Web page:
FBI Concludes North Korea Behind Sony Hacking Scandal

The FBI has concluded that North Korea is, in fact, responsible for the Sony hacking scandal, which has leaked private emails, employee information and eventually lead to the cancellation of The Interview–a satire following Seth Rogen and James Franco as two journalists on a mission to assassinate Kim Jung-un.

Officials had been investigating the situation since November, when Sony first fell victim to the hacking group known as The Guardians of Peace.  The group launched their attack through leaked emails, but things quickly escalated when they threatened to perform 9/11-like attacks against any theaters that dared release The Interview on Christmas Day.

Following the threat, America’s biggest theater chains decided not to screen the film.  Thus, Sony was forced to cancel it all together, sparking outrage throughout Hollywood.

The FBI released  a statement today after concluding North Korea’s involvement: “We are deeply concerned about the destructive nature of this attack on a private sector entity and the ordinary citizens who worked there,” the statement reads. “Further, North Korea’s attack on SPE reaffirms that cyber threats pose one of the gravest national security dangers to the United States.  Though the FBI has seen a wide variety and increasing number of cyber intrusions, the destructive nature of this attack, coupled with its coercive nature, sets it apart.”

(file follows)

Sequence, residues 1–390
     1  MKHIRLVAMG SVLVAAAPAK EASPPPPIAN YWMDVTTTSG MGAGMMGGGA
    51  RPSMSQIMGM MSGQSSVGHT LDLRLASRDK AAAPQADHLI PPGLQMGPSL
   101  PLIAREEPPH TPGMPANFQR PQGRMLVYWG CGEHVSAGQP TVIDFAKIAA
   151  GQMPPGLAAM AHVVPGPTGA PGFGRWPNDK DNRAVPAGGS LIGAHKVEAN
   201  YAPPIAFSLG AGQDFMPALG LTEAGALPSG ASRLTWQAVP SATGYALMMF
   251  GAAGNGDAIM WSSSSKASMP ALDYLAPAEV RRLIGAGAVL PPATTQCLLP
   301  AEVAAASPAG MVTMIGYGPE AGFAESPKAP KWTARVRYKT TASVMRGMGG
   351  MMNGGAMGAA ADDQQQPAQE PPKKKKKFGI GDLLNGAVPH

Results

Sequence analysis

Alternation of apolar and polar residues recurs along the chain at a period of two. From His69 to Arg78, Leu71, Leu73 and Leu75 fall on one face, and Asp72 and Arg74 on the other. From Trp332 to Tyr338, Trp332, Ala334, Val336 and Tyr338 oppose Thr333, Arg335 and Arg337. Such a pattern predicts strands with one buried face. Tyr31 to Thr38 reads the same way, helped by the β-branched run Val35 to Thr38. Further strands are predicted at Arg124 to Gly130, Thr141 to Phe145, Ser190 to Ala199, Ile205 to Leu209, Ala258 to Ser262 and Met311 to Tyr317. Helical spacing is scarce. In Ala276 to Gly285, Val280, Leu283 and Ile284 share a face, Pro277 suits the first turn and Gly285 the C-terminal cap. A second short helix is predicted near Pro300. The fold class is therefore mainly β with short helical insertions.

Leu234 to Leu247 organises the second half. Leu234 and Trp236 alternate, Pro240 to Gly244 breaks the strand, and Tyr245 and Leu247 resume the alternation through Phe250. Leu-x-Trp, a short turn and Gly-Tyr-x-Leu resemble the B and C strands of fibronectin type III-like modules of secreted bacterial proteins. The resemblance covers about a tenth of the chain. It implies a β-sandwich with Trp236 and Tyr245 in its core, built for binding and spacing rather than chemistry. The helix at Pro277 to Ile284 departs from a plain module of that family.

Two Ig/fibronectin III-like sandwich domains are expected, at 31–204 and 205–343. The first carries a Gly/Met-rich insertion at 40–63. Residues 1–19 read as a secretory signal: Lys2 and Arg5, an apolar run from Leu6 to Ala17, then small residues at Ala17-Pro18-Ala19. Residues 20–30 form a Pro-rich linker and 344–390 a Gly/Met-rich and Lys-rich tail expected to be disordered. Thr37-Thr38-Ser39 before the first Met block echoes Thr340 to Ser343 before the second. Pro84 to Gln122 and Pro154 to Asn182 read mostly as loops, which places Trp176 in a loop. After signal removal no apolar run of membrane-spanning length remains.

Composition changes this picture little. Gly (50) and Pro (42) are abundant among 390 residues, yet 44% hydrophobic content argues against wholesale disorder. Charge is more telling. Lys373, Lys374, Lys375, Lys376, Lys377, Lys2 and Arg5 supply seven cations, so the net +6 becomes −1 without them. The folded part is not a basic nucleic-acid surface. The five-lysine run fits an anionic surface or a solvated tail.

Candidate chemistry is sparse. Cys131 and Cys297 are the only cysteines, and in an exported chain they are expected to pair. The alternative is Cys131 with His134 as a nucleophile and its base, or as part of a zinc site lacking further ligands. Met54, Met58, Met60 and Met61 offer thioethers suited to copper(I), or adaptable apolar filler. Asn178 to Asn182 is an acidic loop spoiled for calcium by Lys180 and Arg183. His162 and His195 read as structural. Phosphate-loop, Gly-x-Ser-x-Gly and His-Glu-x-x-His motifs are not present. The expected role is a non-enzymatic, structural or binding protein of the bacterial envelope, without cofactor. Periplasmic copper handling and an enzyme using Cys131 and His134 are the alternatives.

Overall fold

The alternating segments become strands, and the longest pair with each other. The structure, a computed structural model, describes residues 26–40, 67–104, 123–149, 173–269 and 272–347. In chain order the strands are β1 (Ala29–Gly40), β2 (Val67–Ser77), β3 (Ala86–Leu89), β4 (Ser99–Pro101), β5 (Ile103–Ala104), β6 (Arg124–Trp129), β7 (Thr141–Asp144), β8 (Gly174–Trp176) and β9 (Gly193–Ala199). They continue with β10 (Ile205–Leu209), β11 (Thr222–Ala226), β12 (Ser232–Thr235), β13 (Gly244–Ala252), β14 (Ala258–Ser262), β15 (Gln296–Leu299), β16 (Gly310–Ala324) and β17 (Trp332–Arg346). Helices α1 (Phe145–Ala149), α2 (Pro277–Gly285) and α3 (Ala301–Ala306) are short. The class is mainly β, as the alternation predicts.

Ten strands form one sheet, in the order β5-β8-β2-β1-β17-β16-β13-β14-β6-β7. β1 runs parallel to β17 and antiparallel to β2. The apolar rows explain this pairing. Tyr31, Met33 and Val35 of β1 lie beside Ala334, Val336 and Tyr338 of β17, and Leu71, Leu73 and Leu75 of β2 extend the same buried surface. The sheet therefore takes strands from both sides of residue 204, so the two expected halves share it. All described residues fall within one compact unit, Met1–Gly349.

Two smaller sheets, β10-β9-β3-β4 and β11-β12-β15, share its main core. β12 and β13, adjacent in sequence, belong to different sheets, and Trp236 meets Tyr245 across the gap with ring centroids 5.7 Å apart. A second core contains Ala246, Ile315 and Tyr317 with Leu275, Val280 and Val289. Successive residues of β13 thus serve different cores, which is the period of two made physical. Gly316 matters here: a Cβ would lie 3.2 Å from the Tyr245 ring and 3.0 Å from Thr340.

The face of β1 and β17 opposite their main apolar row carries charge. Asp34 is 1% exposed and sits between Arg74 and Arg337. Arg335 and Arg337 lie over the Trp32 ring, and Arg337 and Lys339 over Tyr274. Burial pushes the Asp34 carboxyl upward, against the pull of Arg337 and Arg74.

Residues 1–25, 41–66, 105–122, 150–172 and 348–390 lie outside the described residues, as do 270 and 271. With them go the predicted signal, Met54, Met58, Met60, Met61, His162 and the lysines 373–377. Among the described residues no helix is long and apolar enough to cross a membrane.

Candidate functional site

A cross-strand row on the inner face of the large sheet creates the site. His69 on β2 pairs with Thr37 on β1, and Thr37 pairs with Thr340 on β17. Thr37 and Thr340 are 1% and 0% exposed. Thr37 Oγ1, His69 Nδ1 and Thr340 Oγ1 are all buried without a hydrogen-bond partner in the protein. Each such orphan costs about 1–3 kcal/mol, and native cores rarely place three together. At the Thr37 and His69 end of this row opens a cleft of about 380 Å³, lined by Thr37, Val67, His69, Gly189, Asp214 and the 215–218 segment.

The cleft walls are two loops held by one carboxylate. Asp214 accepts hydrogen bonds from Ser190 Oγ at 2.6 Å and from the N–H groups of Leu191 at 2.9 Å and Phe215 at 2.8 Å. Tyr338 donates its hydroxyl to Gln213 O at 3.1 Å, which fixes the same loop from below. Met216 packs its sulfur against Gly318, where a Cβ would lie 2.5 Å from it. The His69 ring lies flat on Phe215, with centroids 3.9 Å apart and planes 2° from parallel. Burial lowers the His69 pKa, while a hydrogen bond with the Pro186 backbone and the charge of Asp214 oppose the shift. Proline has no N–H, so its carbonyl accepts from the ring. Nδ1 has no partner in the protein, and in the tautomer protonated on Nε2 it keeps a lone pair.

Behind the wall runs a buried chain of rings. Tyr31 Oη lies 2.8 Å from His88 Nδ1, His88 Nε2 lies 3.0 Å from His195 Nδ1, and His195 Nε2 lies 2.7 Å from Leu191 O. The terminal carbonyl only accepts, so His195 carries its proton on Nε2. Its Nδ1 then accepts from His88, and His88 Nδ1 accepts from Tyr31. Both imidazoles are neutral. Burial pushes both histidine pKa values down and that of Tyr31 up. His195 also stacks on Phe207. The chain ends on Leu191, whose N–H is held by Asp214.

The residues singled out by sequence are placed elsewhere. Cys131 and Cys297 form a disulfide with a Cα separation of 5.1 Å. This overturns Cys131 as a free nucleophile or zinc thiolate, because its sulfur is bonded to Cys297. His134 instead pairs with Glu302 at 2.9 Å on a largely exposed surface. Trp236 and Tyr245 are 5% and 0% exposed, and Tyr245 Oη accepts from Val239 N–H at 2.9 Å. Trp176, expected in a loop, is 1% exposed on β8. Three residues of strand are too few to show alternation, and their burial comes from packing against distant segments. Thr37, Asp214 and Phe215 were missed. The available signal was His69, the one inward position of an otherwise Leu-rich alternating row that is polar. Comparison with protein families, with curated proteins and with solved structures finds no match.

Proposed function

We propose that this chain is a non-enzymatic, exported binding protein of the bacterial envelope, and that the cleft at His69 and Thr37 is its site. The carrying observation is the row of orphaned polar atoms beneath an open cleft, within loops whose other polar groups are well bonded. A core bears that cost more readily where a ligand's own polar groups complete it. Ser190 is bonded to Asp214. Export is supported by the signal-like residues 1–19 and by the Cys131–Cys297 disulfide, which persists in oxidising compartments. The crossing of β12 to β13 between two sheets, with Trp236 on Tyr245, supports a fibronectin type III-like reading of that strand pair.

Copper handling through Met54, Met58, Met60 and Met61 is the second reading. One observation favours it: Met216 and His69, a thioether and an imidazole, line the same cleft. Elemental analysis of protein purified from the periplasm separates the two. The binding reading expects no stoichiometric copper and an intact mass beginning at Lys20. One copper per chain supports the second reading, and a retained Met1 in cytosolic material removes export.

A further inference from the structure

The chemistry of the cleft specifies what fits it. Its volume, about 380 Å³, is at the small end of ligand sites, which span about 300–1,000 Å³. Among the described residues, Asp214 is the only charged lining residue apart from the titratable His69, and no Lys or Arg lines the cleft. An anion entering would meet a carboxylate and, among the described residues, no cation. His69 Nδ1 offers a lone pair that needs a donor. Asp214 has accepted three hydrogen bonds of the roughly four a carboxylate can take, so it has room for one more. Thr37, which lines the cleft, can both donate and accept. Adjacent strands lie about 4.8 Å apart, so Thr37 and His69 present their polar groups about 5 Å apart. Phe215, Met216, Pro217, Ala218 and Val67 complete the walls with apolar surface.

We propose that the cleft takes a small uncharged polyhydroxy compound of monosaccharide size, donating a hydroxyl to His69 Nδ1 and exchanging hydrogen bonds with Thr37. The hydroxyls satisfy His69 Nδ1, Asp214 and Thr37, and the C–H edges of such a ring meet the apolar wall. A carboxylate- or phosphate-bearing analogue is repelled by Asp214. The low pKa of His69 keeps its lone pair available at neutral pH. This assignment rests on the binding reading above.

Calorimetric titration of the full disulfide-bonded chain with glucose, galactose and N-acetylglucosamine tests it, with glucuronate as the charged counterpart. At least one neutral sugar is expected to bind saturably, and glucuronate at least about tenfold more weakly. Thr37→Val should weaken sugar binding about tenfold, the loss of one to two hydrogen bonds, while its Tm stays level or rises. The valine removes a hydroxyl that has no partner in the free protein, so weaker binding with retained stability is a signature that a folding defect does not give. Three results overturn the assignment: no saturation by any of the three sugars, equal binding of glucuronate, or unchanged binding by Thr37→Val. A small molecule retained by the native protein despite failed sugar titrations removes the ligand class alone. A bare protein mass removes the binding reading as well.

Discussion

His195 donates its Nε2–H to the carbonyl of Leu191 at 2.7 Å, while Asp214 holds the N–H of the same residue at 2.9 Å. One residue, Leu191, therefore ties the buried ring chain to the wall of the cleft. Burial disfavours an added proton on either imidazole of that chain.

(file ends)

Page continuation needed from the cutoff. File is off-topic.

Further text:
The statement continues to criticize the North Korean government’s poor choice to “inflict harm” or “suppress the right of American citizens to express themselves,” adding that the U.S. will take action.

“Such acts of intimidation fall outside the bounds of acceptable state behavior.  The FBI takes seriously any attempt–whether through cyber-enabled means, threats of violence, or otherwise–to undermine the economic and social prosperity of our citizens.”

The FBI will continue to work with other companies involved in the attack, saying it will “identify, pursue, and impose costs and consequences on individuals, groups, or nation states who use cyber means to threaten the United States or U.S. interests.”

Finally, White House Press Secretary Josh Earnest said (via NBC News) s the U.S. is considering a “proportional response” to the attack, but is unable to make that information public.

Meanwhile, The Guardians of Peace have posed yet another threat against Sony in a statement demanding that any trace of The Interview be destroyed immediately.

The statement reads: “It’s very wise that you made the decision to cancel The Interview, It will be very useful for you. We still have your private and sensitive data,” the message said. “We ensure security for your data unless you make additional trouble. Now we want you never let the movie released, distributed or leaked in any form of, for instance, DVD or piracy. And we want everything related to the movie, including its trailers, as well as its full version down from any website hosting them immediately.”